The Data Centre for deep geothermal energy (CDGP, https://cdgp.u-strasbg.fr) was launched in 2016 by the LabEx G-EAU-THERMIE PROFONDE (http://labex-geothermie.unistra.fr) to preserve, archive and distribute data acquired on geothermal sites in Alsace. More than 30 years of data were collected on the Soultz-sous-Forêts research site, providing an inestimable legacy wealth.
CDGP is part of the EPOS european platform EPOS-IP Anthropogenic Hazards (TCS-AH, https://tcs.ah-epos.eu/). It provides Episodes that are a set of comprehensive data of a geophysical (e.g. deformation) process, induced or triggered by technological activity, which under certain circumstances can become hazardous for people, infrastructure and environment. At CDGP, datasets related to stimulation episodes of 2004 and 2005 have been recently added. Episodes from 1993, 2000 and 2003 are also available, and datasets related to 2010 circulation will be available soon. The EPOS TCS-AH brings together a broad community interested in Anthropogenic Hazards related to induced seismicity. It is designed as a functional e-research infrastructure that provides access to a large set of relevant data and allows free experimentations in a virtual laboratory, promoting interdisciplinary collaborations between stakeholders (the scientific community, industrial partners and society).
From the very start of the repository, we decided to follow international requirements for data management, and used FAIR recommendations to distribute Findable, Accessible, Interoperable and Reusable data.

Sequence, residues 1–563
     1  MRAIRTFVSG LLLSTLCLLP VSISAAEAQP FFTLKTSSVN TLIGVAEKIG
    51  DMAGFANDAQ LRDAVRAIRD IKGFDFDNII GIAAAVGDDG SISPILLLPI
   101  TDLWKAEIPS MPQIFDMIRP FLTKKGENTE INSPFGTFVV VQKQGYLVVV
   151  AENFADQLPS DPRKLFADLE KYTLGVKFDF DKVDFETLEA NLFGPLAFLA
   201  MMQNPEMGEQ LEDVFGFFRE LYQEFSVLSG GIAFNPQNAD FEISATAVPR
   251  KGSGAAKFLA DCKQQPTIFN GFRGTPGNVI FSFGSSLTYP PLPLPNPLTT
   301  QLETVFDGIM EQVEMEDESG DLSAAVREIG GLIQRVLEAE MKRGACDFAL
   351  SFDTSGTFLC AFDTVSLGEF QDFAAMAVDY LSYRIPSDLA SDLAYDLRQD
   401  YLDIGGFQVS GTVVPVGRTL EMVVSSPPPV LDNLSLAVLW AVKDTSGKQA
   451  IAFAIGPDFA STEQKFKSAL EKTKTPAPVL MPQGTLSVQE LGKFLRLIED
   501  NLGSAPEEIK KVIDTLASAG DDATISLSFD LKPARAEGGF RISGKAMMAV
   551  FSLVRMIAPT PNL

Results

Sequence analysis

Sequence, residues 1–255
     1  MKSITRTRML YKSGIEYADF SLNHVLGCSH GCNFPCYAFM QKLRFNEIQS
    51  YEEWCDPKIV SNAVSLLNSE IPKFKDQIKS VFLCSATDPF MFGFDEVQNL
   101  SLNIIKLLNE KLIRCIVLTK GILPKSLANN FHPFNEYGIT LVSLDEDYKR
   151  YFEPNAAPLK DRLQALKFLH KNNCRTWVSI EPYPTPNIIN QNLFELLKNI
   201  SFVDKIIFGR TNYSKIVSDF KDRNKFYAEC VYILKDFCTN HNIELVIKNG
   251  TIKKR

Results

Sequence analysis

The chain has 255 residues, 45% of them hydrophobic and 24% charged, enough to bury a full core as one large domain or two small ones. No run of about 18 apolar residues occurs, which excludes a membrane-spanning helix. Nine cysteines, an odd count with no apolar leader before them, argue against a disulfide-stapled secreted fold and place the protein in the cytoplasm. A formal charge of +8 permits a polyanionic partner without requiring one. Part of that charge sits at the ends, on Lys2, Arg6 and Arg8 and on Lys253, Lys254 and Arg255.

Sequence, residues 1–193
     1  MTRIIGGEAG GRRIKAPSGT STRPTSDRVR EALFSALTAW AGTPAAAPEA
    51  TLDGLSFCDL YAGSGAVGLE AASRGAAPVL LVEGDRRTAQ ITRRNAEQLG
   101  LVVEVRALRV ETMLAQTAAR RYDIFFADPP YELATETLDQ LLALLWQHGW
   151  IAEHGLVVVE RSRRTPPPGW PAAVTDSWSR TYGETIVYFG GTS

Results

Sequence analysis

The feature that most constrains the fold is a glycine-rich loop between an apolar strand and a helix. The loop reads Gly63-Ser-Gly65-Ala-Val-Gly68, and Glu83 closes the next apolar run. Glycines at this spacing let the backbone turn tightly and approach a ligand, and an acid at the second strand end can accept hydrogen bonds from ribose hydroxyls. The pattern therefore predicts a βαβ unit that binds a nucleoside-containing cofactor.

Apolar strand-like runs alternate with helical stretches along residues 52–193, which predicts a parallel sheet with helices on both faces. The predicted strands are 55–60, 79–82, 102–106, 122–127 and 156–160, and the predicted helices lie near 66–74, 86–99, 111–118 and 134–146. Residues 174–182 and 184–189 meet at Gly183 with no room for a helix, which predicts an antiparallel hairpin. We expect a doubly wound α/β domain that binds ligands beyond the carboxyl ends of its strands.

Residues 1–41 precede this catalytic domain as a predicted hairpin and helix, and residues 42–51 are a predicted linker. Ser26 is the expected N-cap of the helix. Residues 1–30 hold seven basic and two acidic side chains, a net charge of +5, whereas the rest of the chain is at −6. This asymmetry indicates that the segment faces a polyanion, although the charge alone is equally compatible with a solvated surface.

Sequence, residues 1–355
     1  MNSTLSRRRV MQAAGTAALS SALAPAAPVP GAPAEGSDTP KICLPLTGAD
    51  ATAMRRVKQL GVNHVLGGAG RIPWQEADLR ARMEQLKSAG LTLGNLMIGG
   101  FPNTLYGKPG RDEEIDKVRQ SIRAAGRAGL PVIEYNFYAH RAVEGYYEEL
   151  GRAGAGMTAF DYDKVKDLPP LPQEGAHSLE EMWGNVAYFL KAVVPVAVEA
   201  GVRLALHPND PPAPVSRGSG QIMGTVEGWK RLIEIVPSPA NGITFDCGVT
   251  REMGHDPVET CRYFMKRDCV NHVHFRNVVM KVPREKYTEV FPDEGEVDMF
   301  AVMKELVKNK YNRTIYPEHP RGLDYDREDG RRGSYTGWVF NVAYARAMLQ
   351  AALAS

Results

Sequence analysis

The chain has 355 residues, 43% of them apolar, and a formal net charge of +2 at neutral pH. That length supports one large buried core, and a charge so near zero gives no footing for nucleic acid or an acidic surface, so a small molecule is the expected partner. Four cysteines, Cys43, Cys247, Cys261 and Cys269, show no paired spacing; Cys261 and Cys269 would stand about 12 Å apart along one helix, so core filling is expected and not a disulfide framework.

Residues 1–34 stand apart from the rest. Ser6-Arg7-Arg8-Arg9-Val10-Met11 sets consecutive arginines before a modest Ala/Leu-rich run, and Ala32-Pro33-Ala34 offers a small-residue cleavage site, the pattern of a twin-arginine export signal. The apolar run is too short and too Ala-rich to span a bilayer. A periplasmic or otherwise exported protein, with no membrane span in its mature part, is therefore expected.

Legacy or more recent, academic or industrial, the data consist mainly of seismological and hydraulic data acquired during stimulation and circulation phases. They are collected from data providers and curated, converted into standardized (community-shared) formats and documented with metadata. Data are identified with a DOI, findable via a local geo-catalogue; metadata are also harvested by the EPOS TCS-AH platform.
As industrial partners provide some data, we set an AAAI (authentication, authorization, and accounting infrastructure); data are distributed in respect of (1) affiliation of the user (academic, industrial, etc.) and (2) distribution rules set by data providers. Interoperability is promoted with use of open or community-shared data formats: SEED, csv, pdf, etc. Open data are granted with a Creative Commons license (CC-BY or CC-BY-NC) to allow their broad use.
Despite the recent setup of CDGP, some data are vintage: we had to deal with obsolete tapes and formats to convert and archive on modern electronic supports. Identification of owners is sometimes difficult, but necessary to obtain the distribution rules. A Data Management Plan (DMP) defines all tasks and rules used to perform these tasks. We are on the track to prepare the CoreTrustSeal certification.
Examples of the use of the distributed data will be illustrated. One of them is the reinvestigation of the micro-seismicity development during the stimulation of 1993 that shows that in areas where aseismic slip on pre-existing faults has been evidenced, only small rupture sizes are observed whereas in part of the reservoir where seismicity is related to the creation of new fractures, a wider distribution and larger rupture sizes are promoted. Implications exist for detecting the transition between events related to pre-existing faults and the onset of fresh fractures.